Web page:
Coral Bright, Wear White – by Melanie Quan
At the October general meeting of Sustainable Rossmoor, guest speaker Melanie Quan spoke about the harmful effects of sunscreen on coral reefs. White tips on coral pictured above are a reflection of “bleaching” and declining coral health (Photo courtesy of Oregon State University). Melanie’s presentation is below.
Coral bleaching resulting from sunscreen pollution has recently been a significant topic highlighted by the news media. While it is true that sunscreens are a cause of coral bleaching, the problem is multifaceted. As guest speaker Melanie Quan, a sophomore at Las Lomas High School, explained last month, the true impacts of sunscreen pollution are still unknown by a majority of the public. Last summer, she attended a science program called California State Summer School for Mathematics & Science (COSMOS) at UC Santa Cruz and worked to analyze the effects of common active sunscreen ingredients.
Based on the accumulation of studies, results show that common organic chemicals in sunscreen such as oxybenzone, octinoxate, octisilate or butylparaben can exacerbate coral bleaching at concentrations as low as 62 parts per trillion (equivalent to a drop of sunscreen in an Olympic-sized pool!). Additionally, common inorganic physical barriers in many ‘reef safe’ sunscreens show potential to cause harm by inducing stress through oxidation, making them a less than perfect solution.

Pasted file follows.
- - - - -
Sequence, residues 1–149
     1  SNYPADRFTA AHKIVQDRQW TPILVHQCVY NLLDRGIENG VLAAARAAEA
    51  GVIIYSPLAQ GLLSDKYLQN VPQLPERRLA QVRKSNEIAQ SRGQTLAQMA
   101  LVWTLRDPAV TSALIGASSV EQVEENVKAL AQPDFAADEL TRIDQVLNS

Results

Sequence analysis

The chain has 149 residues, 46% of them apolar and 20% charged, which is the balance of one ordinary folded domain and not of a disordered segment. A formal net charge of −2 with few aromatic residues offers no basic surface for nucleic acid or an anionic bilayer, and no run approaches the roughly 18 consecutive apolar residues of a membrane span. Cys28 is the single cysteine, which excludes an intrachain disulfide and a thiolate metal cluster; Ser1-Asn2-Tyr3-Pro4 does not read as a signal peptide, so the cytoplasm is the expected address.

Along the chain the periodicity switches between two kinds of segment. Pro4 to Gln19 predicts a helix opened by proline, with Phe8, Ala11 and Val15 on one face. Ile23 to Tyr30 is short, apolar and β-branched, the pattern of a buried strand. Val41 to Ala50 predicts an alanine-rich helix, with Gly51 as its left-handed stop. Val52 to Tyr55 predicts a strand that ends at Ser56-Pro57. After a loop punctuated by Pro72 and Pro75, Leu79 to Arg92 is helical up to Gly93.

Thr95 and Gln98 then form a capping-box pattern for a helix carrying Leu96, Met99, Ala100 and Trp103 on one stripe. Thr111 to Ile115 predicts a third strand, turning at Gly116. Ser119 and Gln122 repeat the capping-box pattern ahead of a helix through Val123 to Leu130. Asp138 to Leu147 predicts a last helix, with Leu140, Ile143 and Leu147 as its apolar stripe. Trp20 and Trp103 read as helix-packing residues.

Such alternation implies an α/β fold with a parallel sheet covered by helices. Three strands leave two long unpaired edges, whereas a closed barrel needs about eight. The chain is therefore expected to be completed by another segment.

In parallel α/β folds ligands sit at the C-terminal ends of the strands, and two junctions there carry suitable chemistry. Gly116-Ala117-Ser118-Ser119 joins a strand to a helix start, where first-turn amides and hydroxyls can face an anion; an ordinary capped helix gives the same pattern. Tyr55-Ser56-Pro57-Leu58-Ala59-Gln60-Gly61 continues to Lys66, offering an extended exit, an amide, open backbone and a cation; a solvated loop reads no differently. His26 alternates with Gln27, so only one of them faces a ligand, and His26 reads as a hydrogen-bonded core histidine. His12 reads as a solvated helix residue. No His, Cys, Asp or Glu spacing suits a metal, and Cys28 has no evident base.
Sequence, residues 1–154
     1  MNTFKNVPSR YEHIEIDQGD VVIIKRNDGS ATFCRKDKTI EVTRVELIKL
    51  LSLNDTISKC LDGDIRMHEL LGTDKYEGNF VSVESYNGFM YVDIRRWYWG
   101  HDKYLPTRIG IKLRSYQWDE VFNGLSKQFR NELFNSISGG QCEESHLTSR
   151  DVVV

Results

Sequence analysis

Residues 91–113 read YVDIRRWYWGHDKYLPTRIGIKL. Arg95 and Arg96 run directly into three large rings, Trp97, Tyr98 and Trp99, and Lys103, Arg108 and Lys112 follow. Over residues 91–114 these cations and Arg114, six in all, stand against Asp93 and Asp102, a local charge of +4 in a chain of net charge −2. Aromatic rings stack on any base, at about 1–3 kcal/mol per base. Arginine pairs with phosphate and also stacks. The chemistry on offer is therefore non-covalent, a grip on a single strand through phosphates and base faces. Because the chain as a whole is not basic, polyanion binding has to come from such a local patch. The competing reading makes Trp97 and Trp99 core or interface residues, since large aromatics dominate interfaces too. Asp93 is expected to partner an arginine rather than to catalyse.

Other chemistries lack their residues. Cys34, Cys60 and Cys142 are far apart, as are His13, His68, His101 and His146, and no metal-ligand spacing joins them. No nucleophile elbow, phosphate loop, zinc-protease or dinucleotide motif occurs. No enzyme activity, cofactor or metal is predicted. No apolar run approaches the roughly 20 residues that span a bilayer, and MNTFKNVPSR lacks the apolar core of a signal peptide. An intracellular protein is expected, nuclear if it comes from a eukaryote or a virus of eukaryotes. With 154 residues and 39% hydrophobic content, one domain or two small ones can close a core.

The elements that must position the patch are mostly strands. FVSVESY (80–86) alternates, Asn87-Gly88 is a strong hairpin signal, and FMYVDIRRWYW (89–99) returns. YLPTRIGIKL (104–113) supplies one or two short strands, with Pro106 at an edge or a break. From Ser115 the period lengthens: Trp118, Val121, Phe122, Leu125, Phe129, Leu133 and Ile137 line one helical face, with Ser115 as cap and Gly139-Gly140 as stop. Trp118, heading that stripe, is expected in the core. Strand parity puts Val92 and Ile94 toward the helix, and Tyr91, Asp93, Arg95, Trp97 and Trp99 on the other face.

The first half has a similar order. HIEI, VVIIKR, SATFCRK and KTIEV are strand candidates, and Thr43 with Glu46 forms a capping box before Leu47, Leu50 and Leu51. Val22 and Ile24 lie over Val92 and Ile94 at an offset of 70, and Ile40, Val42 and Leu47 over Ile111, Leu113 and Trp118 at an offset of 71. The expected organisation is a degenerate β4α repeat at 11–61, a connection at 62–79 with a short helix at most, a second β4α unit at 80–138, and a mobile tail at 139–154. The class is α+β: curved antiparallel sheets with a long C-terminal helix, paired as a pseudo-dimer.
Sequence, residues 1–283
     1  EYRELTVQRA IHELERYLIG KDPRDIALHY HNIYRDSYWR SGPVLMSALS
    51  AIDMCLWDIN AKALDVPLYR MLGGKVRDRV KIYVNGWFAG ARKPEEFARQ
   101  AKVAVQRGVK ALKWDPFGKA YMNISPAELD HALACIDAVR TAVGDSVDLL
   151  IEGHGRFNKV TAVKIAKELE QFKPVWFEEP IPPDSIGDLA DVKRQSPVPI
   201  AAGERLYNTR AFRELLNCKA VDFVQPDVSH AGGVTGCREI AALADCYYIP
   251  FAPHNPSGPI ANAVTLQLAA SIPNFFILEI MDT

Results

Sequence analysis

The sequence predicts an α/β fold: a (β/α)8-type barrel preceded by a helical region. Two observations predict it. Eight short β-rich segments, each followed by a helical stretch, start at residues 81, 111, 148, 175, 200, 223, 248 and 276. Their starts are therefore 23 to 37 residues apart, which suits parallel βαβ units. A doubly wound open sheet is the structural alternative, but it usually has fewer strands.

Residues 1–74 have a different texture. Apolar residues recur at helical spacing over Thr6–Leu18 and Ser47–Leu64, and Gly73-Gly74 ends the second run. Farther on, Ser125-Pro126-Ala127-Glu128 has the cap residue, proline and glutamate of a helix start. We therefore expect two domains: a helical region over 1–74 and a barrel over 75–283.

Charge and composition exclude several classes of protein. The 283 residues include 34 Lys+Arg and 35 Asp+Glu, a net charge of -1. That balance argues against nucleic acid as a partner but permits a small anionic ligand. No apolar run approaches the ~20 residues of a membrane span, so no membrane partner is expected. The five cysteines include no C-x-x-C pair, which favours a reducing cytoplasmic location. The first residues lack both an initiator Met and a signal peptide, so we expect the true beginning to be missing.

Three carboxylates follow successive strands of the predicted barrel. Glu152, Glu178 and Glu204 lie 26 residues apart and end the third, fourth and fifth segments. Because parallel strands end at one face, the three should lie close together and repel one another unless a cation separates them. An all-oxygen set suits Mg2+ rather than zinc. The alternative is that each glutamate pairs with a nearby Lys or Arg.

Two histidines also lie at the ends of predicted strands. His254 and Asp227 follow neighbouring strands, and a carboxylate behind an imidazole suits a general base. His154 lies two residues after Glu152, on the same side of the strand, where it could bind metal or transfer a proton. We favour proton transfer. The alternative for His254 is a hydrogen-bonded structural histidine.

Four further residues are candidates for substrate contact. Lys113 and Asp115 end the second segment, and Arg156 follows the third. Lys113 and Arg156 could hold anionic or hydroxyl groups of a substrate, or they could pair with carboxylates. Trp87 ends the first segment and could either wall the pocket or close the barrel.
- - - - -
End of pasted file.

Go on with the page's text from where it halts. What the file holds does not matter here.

Many consumers of ‘reef safe’ sunscreens prefer brands using nano-sized particles or aerosol sprays because they reduce the chalky white look after application. However, these nano-sized particles can be ingested by coral because of their small size, expediting the effects of oxidation and stress on marine life. Thus, while many sunscreen companies have worked to avoid chemicals such as oxybenzone and octinoxate that can rapidly cause coral bleaching, the common alternatives can still cause stress on coral over time.
As conscientious consumers, help us reduce harm to coral ecosystems! By taking note of active ingredients in sunscreens, you can help promote the health and sustainability of coral and marine life. Based on her research, Melanie recommends having titanium dioxide as the only active ingredient in the sunscreens you use. She recommends using non-aerosol, non nano-particle titanium dioxide sunscreens.
This Blog Post written by Melanie Quan.
For more information on coral bleaching, check these web sites from the National Ocean and Atmospheric Administration (NOAA)
What is coral bleaching? When corals are stress by changes in conditions such as temperature, light, or nutrients, they expel the symbiotic algae living in their tissues, causing them to turn completely white. (https://oceanservice.noaa.gov/facts/coral_bleach.html)